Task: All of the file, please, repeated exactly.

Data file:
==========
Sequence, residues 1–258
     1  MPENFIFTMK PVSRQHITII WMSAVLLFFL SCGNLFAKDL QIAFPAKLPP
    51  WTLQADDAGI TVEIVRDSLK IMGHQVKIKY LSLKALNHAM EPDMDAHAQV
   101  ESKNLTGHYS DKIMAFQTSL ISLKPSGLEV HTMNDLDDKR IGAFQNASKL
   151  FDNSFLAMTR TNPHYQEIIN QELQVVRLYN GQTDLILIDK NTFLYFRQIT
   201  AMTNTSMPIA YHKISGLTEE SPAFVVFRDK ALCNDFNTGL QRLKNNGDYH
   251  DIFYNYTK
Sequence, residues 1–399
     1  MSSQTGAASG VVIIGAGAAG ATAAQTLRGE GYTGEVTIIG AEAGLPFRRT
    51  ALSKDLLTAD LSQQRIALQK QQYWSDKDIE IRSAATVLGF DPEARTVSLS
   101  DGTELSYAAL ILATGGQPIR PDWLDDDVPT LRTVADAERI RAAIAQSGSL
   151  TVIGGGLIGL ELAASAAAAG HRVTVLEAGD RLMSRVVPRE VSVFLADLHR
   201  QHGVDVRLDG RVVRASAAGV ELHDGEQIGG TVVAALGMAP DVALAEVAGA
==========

Sequence, residues 1–258
     1  MPENFIFTMK PVSRQHITII WMSAVLLFFL SCGNLFAKDL QIAFPAKLPP
    51  WTLQADDAGI TVEIVRDSLK IMGHQVKIKY LSLKALNHAM EPDMDAHAQV
   101  ESKNLTGHYS DKIMAFQTSL ISLKPSGLEV HTMNDLDDKR IGAFQNASKL
   151  FDNSFLAMTR TNPHYQEIIN QELQVVRLYN GQTDLILIDK NTFLYFRQIT
   201  AMTNTSMPIA YHKISGLTEE SPAFVVFRDK ALCNDFNTGL QRLKNNGDYH
   251  DIFYNYTK
Sequence, residues 1–399
     1  MSSQTGAASG VVIIGAGAAG ATAAQTLRGE GYTGEVTIIG AEAGLPFRRT
    51  ALSKDLLTAD LSQQRIALQK QQYWSDKDIE IRSAATVLGF DPEARTVSLS
   101  DGTELSYAAL ILATGGQPIR PDWLDDDVPT LRTVADAERI RAAIAQSGSL
   151  TVIGGGLIGL ELAASAAAAG HRVTVLEAGD RLMSRVVPRE VSVFLADLHR
   201  QHGVDVRLDG RVVRASAAGV ELHDGEQIGG TVVAALGMAP DVALAEVAGA